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Butterfly’s Weird Health Problems

Butterfly's First Day Home

Butterfly’s First Day Home


Butterfly refused to take pills. The veterinary technicians at the animal shelter couldn’t get her to take her de-wormer pills before sending her home with us in November and she wouldn’t even chew the new de-worming medicine that comes in a tiny meatloaf shape. We tried wrapping it in turkey, crumbling it into chicken soup, spreading it with peanut butter. Nothing worked. She ate the turkey and spit out even the smallest crumb of the medicine, which Cricket made every attempt to steal, because she loves the stuff.

We finally found these Pill Pocket treats the other day. They look like gummies and stretch to fit the medicine. It took four treats, but for the first time in three months, Butterfly got her whole dose of medicine down. I could finally stop imagining the slithering little worms crawling around and sucking the life out of her from the inside.

My fear isn’t completely unwarranted. Butterfly’s heart is already fragile. She was diagnosed with a level four Mitral Valve Insufficiency, which the vet told us could develop into congestive heart failure at any time, requiring daily medication. If she continued to spit out even the easy medicine, no telling what she’d do with actual pills. The fear of her developing serious heart problems, or any other health problems for that matter, has been hanging over me from the first day we brought her home. I watch her anxiously every time she sneezes or coughs or seems to sleep too deeply.

The anxiety blossomed about a week after she came home, She was shivering in the doorway of the living room and I picked her up to comfort her and saw this lump protruding from her lower belly. I pressed on it and it moved around under her skin. Mom thought it could be a hernia, or just constipation pushing forward. Butterfly was coughing and shaking and I was worried, because the vet had warned us that coughing could be a sign of congestive heart failure. We called the clinic attached to the shelter she came from, but couldn’t get an appointment for another two days. The clinic had her records and was inexpensive and had just seen her a week before, but I was starting to panic. I was afraid we’d have to rush Butterfly to a doggy emergency room first thing in the morning.

I brought Butterfly upstairs and put her on my bed. She fell asleep and then, finally, I did too, but I woke up when she vomited, and then stayed up with her as she vomited three more times. I was getting ready to look up numbers in the phone book, wishing for a doggy ambulance because I was too freaked out to drive, when she started to walk around. Then she ate her breakfast as if everything was fine. I kept checking her protrusion as the day went on, and gradually, it disappeared. Coincidentally, she pooped five times that day. Really big pooping.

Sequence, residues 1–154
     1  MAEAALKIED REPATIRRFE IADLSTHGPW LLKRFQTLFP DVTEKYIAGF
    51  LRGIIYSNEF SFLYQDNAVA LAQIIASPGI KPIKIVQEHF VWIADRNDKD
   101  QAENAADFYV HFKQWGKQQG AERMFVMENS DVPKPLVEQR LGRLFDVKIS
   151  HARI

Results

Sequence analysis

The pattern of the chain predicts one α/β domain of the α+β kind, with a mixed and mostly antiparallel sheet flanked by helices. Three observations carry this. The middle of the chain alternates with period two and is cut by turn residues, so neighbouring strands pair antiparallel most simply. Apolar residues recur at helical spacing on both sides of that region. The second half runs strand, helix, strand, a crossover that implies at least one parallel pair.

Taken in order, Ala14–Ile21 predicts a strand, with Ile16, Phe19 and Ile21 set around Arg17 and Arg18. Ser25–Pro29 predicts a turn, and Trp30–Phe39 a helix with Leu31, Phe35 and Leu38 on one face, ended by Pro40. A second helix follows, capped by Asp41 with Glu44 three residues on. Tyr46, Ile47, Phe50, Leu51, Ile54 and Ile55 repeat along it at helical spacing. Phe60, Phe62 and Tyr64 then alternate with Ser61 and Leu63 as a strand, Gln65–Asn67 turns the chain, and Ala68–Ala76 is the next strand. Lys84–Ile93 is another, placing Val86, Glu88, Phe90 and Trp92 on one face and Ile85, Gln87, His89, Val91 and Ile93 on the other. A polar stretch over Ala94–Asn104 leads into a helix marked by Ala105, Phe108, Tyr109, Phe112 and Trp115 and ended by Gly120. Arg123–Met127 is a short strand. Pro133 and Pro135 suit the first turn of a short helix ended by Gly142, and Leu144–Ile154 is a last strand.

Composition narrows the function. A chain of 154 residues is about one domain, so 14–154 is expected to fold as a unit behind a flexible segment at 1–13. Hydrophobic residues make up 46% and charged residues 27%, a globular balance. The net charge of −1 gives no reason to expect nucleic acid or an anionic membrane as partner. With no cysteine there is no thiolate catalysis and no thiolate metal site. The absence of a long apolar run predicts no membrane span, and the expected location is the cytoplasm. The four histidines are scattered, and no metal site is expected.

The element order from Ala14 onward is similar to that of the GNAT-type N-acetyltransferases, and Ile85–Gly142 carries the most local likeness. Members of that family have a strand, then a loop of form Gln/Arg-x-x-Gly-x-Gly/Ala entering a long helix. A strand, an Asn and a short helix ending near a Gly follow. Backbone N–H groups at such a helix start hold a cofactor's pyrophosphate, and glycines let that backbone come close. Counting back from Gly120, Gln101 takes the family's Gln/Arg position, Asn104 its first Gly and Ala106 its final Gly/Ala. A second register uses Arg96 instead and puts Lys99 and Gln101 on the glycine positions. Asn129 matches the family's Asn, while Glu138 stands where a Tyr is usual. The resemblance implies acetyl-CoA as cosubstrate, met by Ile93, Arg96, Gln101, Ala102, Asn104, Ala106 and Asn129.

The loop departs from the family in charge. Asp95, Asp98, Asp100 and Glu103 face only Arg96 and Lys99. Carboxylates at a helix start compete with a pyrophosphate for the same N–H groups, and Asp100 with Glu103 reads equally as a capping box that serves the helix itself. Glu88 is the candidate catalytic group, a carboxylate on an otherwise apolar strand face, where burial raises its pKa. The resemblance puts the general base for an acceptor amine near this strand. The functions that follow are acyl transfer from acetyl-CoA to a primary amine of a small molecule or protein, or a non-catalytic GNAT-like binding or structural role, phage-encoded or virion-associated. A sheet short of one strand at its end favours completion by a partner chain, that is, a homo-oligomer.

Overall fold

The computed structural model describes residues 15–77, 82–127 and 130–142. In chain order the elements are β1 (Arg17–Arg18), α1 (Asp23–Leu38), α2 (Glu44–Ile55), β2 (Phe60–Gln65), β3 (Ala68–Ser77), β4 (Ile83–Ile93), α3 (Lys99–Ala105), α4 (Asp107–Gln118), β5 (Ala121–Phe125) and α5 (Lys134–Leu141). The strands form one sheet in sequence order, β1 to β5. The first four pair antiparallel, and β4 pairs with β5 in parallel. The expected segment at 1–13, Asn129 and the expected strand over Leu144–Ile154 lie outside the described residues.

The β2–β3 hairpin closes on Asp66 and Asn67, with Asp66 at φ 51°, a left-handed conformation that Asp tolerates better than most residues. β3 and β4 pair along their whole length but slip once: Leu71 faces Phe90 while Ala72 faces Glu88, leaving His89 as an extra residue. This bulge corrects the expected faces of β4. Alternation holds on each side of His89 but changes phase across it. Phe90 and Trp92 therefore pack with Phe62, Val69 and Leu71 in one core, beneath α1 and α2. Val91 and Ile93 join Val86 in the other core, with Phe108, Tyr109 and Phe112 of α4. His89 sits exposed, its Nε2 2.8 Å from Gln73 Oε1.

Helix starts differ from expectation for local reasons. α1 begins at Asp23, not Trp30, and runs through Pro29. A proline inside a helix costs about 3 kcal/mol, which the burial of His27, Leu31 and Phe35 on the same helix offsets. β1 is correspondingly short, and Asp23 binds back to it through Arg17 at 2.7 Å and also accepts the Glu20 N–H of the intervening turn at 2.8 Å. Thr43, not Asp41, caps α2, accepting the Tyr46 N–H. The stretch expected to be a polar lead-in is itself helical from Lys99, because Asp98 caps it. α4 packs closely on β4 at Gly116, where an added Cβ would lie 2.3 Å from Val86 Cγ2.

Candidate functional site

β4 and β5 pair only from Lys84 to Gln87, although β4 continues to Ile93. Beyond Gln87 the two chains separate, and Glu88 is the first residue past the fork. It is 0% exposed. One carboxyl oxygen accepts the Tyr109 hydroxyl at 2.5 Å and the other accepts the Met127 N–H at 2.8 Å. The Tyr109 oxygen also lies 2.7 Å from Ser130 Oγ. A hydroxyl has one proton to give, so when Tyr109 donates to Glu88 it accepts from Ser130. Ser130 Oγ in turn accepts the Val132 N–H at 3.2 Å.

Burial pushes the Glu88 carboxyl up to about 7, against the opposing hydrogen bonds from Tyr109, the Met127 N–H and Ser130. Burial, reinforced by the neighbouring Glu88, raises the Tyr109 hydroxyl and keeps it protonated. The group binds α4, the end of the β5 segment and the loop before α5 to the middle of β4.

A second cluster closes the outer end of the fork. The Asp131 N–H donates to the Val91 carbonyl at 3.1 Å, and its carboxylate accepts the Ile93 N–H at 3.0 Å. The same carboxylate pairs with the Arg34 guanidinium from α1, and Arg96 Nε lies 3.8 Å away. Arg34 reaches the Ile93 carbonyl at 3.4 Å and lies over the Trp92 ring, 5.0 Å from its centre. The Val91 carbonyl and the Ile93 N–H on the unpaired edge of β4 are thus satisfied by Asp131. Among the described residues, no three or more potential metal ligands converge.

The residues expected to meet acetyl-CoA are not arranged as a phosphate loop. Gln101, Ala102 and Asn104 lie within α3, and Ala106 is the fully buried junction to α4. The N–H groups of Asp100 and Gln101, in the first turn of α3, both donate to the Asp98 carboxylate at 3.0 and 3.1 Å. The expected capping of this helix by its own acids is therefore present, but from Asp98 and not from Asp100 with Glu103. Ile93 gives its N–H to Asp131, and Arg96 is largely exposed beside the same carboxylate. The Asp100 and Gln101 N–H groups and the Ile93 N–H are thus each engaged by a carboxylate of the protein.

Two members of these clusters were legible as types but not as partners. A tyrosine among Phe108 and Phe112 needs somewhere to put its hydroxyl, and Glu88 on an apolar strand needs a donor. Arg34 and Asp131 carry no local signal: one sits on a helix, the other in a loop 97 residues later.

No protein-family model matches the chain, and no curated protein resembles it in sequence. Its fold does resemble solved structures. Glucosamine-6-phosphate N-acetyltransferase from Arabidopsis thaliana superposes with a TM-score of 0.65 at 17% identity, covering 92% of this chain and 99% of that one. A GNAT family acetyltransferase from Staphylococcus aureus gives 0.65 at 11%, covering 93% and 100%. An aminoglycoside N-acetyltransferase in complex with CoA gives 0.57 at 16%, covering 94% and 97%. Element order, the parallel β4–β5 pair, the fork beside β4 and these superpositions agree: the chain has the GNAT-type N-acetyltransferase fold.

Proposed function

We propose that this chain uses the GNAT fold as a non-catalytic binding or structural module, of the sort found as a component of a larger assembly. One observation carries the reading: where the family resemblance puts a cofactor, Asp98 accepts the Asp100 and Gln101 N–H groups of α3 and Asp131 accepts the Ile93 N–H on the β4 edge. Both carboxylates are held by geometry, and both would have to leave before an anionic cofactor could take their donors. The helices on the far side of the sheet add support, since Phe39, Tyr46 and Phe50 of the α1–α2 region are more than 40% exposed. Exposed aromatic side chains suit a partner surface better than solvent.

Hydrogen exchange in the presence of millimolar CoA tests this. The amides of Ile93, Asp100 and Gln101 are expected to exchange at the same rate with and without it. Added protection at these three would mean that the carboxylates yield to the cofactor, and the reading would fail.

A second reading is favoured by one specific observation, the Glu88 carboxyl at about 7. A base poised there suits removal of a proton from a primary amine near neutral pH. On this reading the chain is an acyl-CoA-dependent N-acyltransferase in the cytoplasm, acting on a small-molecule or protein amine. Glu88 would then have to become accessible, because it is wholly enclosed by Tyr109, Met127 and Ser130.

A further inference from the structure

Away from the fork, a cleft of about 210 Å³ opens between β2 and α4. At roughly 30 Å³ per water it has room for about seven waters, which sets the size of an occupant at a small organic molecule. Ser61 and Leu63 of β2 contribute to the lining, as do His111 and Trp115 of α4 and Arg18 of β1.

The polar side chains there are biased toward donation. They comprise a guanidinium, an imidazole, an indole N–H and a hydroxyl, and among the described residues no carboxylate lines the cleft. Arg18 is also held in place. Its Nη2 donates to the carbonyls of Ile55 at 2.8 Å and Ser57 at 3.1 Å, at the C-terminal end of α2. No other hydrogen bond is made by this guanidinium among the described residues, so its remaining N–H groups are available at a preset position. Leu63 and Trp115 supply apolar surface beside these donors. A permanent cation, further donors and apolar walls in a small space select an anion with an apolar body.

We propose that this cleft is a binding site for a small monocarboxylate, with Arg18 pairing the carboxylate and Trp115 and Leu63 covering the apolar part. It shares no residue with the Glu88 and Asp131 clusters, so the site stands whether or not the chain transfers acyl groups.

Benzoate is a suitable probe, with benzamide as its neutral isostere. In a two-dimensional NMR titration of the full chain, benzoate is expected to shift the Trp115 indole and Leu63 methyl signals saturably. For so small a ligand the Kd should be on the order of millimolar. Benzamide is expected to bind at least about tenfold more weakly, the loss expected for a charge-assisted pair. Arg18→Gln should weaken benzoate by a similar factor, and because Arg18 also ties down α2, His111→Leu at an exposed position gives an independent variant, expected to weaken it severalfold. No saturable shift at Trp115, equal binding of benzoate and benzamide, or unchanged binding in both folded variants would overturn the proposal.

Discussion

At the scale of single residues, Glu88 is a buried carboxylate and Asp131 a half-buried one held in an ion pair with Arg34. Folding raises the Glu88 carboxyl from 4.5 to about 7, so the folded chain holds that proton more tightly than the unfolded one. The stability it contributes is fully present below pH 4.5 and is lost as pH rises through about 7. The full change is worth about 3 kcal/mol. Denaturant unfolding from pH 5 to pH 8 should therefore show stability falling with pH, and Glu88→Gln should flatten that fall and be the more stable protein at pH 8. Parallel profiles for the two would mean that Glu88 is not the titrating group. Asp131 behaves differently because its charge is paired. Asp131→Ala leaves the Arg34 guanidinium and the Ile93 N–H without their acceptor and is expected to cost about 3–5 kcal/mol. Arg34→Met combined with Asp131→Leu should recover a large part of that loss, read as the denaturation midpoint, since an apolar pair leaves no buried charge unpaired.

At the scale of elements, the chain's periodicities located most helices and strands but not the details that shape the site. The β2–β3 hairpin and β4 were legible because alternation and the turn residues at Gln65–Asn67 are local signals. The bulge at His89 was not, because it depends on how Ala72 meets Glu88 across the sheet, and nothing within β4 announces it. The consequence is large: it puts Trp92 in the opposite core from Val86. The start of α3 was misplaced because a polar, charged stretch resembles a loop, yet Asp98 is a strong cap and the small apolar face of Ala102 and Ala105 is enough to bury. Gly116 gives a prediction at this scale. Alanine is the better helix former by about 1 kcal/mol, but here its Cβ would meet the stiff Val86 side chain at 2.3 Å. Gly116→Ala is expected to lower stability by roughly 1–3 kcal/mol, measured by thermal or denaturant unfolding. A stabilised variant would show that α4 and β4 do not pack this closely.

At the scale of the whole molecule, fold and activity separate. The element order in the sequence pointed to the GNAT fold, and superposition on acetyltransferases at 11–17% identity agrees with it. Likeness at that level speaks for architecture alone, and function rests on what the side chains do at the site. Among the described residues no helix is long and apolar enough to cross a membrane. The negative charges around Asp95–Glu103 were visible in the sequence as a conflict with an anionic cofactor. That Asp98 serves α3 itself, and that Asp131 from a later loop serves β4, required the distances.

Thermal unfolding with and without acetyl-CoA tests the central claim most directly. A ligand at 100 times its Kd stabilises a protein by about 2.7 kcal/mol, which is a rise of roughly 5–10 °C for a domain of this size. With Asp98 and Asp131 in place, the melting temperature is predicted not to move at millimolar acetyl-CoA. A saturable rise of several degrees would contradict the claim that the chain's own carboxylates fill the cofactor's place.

We cancelled the vet appointment, because I didn’t want to stress her out with more doctor visits than necessary. But, also, I was afraid they would dismiss me as a hysterical dog mommy imagining problems that weren’t really there, now that the evidence was gone.


My Happy Girl

My Happy Girl

And for a month, Butterfly was fine. Then, one night, I noticed she was licking her lips obsessively and having trouble sitting and lying down. She was having muscle spasms around her waist that were rippling down her back. I worried next to her overnight, feeling incompetent and in over my head. But the protrusion and the spasms disappeared by the morning and haven’t reappeared since.

In fact, after all of the awfulness, wherein I felt suicidal for clearly failing my dog, Butterfly was back to smiling and being happy and ready to play. If all of that vomiting and coughing and spasming had happened to me, I would still be moping and cursing God months later, but Butterfly just shook it off and went back to being a dog.

I worry that I should have taken her to the vet anyway, even though there was nothing left to see. I worry that she needs a special doggy nurse, and a doggy psychiatrist too. I keep worrying that I’ve taken on a situation that is too big for me, and the after effects of her life in a puppy mill will pose too much of a challenge, and I will fail her. But then she makes me think it over again.

The other night we had a lot of wind and rain, and my bedroom, the attic, is like a wind tunnel, so the sound was exaggerated, and Butterfly was frightened. She woke me up at three o’clock in the morning trying to stuff her head into my armpit. I used to do that with my Mommy when I was little too. She crawled over me and around me and curled against me, but she couldn’t find any position that worked for more than ten seconds at a time.

Finally, by five a.m., she sat down by my chest and stayed there for the rest of the night. She seems to think I’m trustworthy, and I’d like to believe her judgment is sound.


Butterfly and her crazy hair

Butterfly really likes her scratchies.